Our Vision:

A new world order where land and natural resources are utilised for the benefit of every community

Our strategic foundation

Though cognisant of the centrality and critical importance of land governance in community development, we look forward to promoting a broader and positive approach that focuses on innovative local solutions and inclusive value chains with inter-linkages across sectors.

Our theory of change

We premise our change theory on the major understanding that land is the most socially emotive, culturally sensitive, politically volatile and economically central resource across all communities - posing very complex challenges in tenure security, household income and food systems.

Our Programme approach

We integrate a community enterprise model into strategic programme management while working with communal land associations to achieve impact-oriented results that facilitate synergies with government structures, civil society and other formal or informal sectors.

Our mission

To promote inclusive, people-centred and community-driven land governance for sustainable development

Karamoja sub region

This is a semi-arid area with a population of about 965,008 people of whom the majority subsists through (agro)pastoral livelihoods. Over the years, livelihood advances and innovations have been registered but there are still many development challenges to be addressed.

Acholi-Lango sub regions

This area generally has tracts of fertile savannah grassland and a population of about 3,562,464 people who mainly practice agriculture. Many were previously displaced by armed conflict which has now increased the competition over access to land and other natural resources.

Bunyoro sub region

This area is predominantly a tropical savanna lying in the Albertine rift with a population of about 1,203,457 people. It is endowed with a diverse array of ecosystems, natural resources and endemic vertebral species but this also poses conservation and exploration related problems.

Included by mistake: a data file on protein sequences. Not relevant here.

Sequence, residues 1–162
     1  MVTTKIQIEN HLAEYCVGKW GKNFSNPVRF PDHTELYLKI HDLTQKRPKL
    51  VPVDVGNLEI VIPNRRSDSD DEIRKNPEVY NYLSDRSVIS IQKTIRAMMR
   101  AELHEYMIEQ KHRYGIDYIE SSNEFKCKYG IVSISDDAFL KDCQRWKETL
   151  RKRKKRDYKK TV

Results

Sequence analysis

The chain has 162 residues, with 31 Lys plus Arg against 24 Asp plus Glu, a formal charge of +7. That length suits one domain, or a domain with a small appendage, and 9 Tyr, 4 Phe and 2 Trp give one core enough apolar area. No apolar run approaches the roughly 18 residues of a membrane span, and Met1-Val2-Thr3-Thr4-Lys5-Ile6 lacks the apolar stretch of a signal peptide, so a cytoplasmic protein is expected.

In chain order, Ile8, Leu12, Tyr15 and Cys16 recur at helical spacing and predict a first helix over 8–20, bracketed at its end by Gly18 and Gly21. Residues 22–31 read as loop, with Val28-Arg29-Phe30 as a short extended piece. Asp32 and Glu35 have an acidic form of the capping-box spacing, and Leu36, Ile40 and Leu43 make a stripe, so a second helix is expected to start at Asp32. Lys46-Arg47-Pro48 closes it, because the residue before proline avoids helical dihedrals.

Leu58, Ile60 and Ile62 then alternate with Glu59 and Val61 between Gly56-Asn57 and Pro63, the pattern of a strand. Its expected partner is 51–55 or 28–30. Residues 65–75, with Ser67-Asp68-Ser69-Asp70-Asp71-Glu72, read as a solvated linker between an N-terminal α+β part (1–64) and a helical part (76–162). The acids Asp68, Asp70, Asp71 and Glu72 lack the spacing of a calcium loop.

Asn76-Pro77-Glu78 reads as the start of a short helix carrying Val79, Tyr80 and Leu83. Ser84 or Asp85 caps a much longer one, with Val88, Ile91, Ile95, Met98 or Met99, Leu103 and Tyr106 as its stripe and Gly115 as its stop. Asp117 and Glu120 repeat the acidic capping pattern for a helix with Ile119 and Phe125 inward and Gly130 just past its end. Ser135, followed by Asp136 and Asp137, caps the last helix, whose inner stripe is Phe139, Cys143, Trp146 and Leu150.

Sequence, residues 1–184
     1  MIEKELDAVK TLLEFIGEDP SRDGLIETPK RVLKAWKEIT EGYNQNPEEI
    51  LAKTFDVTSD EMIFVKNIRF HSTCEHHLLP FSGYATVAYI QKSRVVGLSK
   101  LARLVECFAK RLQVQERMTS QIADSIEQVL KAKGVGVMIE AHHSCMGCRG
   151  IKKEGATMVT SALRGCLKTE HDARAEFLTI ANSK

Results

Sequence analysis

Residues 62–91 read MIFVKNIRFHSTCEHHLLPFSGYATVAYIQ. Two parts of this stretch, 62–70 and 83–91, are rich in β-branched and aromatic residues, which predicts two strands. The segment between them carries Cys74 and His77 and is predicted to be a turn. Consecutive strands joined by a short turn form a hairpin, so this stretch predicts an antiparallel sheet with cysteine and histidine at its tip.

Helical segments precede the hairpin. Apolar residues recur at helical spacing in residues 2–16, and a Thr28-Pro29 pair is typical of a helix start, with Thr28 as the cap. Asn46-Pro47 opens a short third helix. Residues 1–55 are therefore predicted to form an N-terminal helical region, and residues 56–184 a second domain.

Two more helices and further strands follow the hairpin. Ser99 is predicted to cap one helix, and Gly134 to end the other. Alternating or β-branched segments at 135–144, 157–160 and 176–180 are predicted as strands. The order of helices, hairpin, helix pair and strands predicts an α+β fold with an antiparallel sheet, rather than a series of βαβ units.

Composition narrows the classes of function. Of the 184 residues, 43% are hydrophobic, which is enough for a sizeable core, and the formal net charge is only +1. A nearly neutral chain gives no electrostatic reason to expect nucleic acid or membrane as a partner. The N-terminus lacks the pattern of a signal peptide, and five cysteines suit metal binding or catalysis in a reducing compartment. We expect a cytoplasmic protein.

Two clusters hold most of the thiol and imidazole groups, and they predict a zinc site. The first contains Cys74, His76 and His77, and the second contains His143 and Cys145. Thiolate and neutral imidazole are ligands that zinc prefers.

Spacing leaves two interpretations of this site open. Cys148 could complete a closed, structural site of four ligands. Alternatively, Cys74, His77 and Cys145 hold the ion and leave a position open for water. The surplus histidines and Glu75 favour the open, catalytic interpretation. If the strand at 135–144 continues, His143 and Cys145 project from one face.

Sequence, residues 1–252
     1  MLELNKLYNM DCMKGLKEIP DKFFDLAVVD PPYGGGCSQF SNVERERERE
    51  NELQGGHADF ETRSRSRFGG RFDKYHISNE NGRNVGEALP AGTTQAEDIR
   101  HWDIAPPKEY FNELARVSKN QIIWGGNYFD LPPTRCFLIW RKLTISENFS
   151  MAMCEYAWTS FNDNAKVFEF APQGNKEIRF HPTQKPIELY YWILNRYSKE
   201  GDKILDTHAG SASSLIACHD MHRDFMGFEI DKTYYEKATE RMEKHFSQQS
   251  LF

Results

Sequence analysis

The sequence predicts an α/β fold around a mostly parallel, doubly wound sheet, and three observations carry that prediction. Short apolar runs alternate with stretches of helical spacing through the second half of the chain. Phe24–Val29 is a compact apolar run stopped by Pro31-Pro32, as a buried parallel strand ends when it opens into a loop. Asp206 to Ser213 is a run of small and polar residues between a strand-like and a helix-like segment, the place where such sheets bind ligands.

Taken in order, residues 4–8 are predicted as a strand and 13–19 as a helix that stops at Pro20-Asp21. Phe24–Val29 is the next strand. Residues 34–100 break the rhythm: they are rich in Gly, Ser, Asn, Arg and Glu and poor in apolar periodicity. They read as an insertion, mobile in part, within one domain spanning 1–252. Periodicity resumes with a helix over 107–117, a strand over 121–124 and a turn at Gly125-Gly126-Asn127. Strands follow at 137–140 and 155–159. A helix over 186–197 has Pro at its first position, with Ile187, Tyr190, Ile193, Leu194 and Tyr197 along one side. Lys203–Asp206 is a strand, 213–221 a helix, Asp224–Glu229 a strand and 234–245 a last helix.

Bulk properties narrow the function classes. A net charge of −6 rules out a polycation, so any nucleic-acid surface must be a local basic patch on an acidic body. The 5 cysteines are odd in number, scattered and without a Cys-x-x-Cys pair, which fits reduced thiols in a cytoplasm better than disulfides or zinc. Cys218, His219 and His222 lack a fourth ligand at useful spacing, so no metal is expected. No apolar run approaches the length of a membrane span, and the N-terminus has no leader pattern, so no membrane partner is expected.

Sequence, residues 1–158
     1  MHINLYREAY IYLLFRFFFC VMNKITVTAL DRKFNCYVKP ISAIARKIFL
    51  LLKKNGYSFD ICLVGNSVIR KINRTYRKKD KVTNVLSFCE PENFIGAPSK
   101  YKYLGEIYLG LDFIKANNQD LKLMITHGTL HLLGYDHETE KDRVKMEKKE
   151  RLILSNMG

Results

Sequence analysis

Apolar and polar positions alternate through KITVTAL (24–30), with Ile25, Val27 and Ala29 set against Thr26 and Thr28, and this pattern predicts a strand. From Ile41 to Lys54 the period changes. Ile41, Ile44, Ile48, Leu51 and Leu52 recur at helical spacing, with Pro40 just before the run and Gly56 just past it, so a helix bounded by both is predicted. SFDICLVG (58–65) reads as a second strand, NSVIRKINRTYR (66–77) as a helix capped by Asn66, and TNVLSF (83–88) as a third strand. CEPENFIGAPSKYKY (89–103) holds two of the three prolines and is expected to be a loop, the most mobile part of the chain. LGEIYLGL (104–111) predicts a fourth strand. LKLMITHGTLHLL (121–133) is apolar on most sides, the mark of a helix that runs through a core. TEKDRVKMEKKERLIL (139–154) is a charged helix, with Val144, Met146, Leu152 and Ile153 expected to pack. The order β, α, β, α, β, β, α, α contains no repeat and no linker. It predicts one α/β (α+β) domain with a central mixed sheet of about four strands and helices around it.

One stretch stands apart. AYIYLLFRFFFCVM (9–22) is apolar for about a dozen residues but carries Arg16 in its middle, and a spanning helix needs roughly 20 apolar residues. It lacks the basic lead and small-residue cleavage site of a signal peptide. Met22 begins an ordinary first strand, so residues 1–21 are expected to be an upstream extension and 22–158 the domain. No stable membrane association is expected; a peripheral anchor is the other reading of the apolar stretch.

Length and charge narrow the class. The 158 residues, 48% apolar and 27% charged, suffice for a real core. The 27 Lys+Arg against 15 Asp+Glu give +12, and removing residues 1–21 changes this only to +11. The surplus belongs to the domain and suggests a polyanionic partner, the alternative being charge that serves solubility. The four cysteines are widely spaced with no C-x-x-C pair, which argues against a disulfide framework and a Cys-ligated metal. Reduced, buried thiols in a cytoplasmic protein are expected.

$ 300,000

Funds invested


Hectares covered


Associations formed


Population served


We design our initiatives in a way that makes a contribution to the 2030 Agenda for Sustainable Development particularly focusing on land-related targets and indicators under SDGs 1, 2, 5, 11 and 15. Like many other development actors we are committed to fully implementing the SDGs in their totality but the land-related indicators provide a useful guide in our work so as to relevantly promote responsible land governance ...considering that land is a significant resource, both cross-cutting and critical to generally achieving all the sustainable development goals.

Should we really care about investing in communal land?

Many reforms in governance of communal land in Africa have been designed to enhance economic growth in pursuance of increased tenure security and eventually catalyse productivity among the smallholders.

But the impact of these outcomes on family livelihood and other socio-cultural values has increasingly come under scrutiny mostly in critique of the strong emphasis put on formal registration of communal land rights.

Similarly, limitations have been experienced due to administrative and resource constraints, overlap of institutional mandates, resistance by those affected, inequitable rights allocation, and emerging gender concerns.

The dynamics in many local communities equally present hurdles during and after formal registration, but the major issue is how to devise fit-for-purpose arrangements that recognise and secure communal land rights.

It is evident that communal land ownership is a complex system which involves individual and family land use rights, community user rights, as well as several other secondary entitlements and interests not easy to govern.

Nonetheless, it is the most potentially viable economic resource today.


Recent posts

"Land disputes and conflicts have become part of the definition of contemporary Uganda. Trans-state boundary disputes, inter-district boundary disputes and conflicts, hot spots of ethnic land conflicts, and conflicts between pastoralists and agriculturalists are all on the rise. Evictions on registered land between owners and the occupants are also on the rise. Efforts by government agencies to conserve vital ecosystems have resulted in violent conflicts that are sometimes fatal as they wrestle enchroachment in protected areas. The capacity of the Ministry responsible for land; the Justice, Law and Order Sector; administrators in the districts and politicians to tackle land conflicts is overstretched. Attempts by the Land (Amendment) Act 2010, to criminalise eviction of tenants are yet to bear effect because implementation is in its infancy. Devising a comprehensive, legitimate, accessible and cost-effective framework to tackle the root and structural causes of conflicts, disputes and frictions arising from unjust actions in the past is a prime challenge in tackling uncertainty and insecurity over land rights."

(extract from the Uganda National Land Policy, 2013)